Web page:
Mr. Zuma's defiance had escalated the political crisis that has left the South African government in disarray. In his interview, he appeared to be confirming the fears of many South African politicians, who have worried that Mr. Zuma could encourage his followers to take to the streets in protest or violence.

He said the ANC had failed to give any reasons for its decision. "There is no evidence, nobody has said I've done something wrong. I don't understand. I don't think it is fair. … This has been done in a manner where I'm being victimized here."

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His refusal to resign on Wednesday morning soon triggered a rapid move to force him out of office with a vote in South Africa's Parliament. The ANC and all major opposition parties announced they would support a motion of no-confidence on Thursday at 2 p.m. local time, essentially ensuring Mr. Zuma's departure.

The vote would have immediately removed him from office. Under the plan agreed to by all parties, Parliament would then choose a new president on Friday morning.

Several opposition parties said they would have preferred to impeach Mr. Zuma, which would have stripped him of his salary and benefits. But Parliament is currently revising its impeachment rules in a court-ordered process, so the parties were planning to use the no-confidence process, which requires only a simple majority to pass.

After postponing much of Parliament's work for the past 10 days while the Zuma saga unfolded, the ANC is now anxious to catch up on the delayed work. "Everything has almost come to a standstill, so we need to move," said Paul Mashatile, a senior ANC official. "We don't have time to be bickering over who should be president."

The ANC had expected Mr. Zuma to address South Africans on Wednesday morning in response to its decision on Tuesday to order him to resign. But after briefly scheduling a media appearance, Mr. Zuma cancelled the appearance and disappeared from view until his television interview later in the day.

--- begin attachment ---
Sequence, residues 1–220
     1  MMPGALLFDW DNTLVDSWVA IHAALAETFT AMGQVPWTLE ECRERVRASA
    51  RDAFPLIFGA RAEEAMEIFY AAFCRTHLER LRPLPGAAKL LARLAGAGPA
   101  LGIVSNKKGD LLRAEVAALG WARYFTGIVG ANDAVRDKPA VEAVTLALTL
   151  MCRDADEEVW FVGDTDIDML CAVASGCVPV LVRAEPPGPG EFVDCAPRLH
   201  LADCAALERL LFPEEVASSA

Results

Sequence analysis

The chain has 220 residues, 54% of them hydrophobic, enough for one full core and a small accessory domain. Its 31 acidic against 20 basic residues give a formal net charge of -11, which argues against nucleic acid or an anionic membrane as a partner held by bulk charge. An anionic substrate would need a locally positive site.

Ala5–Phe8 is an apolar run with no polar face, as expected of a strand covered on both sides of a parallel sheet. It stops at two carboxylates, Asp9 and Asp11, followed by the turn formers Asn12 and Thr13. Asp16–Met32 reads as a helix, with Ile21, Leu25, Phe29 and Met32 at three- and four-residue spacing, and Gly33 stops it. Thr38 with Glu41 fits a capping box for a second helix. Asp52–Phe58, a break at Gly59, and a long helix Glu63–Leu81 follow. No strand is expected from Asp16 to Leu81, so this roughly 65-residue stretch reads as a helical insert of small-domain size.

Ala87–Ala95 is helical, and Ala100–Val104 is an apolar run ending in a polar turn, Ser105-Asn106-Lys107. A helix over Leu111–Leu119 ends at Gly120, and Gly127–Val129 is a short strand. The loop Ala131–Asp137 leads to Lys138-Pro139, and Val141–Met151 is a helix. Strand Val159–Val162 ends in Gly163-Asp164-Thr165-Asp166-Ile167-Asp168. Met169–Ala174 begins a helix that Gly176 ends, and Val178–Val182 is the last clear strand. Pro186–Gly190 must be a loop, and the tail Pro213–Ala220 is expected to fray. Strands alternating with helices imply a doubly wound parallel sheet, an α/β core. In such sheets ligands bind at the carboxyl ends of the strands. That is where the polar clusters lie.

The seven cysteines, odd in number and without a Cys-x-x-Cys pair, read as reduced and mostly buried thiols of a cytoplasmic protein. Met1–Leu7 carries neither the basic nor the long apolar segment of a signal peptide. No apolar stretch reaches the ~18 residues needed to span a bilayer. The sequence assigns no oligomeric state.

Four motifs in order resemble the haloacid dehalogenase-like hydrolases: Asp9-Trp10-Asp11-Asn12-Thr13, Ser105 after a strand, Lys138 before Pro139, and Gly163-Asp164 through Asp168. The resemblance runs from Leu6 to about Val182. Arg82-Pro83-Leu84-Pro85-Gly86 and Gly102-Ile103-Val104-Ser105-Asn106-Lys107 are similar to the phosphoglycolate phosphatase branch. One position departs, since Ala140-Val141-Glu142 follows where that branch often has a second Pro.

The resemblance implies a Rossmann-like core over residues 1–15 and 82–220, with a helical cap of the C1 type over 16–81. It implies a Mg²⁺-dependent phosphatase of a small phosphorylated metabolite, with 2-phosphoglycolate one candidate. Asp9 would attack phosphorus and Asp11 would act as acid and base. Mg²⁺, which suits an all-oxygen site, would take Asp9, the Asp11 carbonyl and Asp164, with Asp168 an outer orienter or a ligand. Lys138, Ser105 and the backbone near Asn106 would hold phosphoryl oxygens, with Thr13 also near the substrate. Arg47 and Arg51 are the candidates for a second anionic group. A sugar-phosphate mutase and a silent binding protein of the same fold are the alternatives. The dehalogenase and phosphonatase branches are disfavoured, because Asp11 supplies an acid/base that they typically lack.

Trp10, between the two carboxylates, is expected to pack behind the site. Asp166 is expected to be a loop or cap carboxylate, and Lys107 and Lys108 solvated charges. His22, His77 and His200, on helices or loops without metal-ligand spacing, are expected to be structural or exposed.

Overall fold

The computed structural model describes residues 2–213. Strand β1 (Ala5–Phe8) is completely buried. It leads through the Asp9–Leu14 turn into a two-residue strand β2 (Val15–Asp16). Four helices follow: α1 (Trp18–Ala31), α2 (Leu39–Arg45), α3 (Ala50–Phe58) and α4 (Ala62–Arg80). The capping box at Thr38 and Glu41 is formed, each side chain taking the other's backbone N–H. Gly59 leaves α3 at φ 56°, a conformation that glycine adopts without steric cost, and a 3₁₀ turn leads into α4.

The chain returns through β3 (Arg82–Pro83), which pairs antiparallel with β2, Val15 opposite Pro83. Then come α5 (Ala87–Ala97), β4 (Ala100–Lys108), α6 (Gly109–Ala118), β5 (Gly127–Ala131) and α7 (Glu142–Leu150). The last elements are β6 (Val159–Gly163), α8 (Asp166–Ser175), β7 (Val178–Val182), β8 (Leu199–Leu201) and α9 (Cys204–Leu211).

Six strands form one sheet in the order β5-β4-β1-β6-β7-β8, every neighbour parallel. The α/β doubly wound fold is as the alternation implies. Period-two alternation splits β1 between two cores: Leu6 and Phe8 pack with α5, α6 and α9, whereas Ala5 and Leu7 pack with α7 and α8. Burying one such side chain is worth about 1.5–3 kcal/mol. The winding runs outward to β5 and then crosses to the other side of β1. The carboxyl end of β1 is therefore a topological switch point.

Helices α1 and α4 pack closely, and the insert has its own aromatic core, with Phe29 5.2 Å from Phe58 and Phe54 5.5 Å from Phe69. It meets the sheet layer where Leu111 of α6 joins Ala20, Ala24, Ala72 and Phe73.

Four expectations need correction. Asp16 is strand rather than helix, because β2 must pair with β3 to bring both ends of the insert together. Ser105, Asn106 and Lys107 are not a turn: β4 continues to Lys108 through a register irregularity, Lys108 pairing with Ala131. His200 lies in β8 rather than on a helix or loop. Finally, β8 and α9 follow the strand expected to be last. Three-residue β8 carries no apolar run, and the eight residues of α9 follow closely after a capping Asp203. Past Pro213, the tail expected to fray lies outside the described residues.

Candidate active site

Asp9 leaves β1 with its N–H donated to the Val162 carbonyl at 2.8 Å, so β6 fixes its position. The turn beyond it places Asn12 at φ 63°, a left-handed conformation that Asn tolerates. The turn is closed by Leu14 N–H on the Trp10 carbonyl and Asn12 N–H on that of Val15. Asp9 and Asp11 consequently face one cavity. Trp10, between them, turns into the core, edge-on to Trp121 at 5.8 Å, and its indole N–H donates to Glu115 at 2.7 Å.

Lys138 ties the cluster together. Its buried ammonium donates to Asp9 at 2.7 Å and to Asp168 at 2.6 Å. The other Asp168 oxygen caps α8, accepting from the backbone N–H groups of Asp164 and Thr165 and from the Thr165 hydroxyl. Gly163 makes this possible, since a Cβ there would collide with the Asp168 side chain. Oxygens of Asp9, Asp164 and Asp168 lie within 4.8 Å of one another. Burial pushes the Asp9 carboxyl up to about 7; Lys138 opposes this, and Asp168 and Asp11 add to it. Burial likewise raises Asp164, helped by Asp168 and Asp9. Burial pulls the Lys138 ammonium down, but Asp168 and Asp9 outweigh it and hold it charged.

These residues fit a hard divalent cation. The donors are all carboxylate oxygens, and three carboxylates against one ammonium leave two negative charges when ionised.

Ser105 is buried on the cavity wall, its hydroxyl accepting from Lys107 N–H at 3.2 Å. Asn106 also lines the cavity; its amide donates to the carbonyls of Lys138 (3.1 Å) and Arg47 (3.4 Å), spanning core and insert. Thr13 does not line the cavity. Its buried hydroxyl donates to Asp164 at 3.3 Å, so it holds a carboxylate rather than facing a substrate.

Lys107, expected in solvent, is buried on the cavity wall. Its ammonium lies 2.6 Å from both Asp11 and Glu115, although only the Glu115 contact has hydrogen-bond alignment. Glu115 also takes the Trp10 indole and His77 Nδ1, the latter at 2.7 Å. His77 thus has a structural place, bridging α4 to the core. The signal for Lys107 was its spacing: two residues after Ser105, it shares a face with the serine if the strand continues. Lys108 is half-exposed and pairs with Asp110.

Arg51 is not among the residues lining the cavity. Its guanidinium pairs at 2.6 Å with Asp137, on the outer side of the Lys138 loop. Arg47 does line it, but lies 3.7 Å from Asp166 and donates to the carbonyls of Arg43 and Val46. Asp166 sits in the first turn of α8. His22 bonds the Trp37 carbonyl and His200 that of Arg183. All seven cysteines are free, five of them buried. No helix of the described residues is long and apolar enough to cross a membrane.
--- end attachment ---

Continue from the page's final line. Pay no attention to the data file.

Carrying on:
The ANC had wanted Mr. Zuma to make way for its newly elected leader, Mr. Ramaphosa, who won an ANC conference vote in December after campaigning on an anti-corruption promise.

Meanwhile, the long-simmering corruption scandal that has surrounded Mr. Zuma is finally leading to arrests.

Shortly after dawn on Wednesday morning, an elite police unit raided the luxurious Johannesburg villa of the Gupta brothers, the wealthy business partners of Mr. Zuma's son, Duduzane. They said the raid was part of an investigation into an allegedly corrupt farm project. The project was a criminal scheme that diverted millions of dollars of government money into Gupta bank accounts, prosecutors say.

Heavily armed tactical police blocked the street leading to the Gupta villa, telling reporters that it was a "crime scene."

The elite unit, known as the Hawks, later announced they had arrested three suspects. Two other suspects had agreed to hand themselves over, they said in a statement.

One of the Gupta brothers, Ajay Gupta, and a Gupta business associate were among those detained for questioning, local media reports said. One report said Duduzane Zuma could be among those targeted in the arrests, with a total of 15 suspects on the arrest list. A former senior official of Free State province, where the farm project was located, were also among those arrested on Wednesday.

The Hawks said they were making arrests in several locations in an investigation into "state capture" – the common term here for widespread corruption in which Gupta business interests have allegedly captured state agencies for their own profit.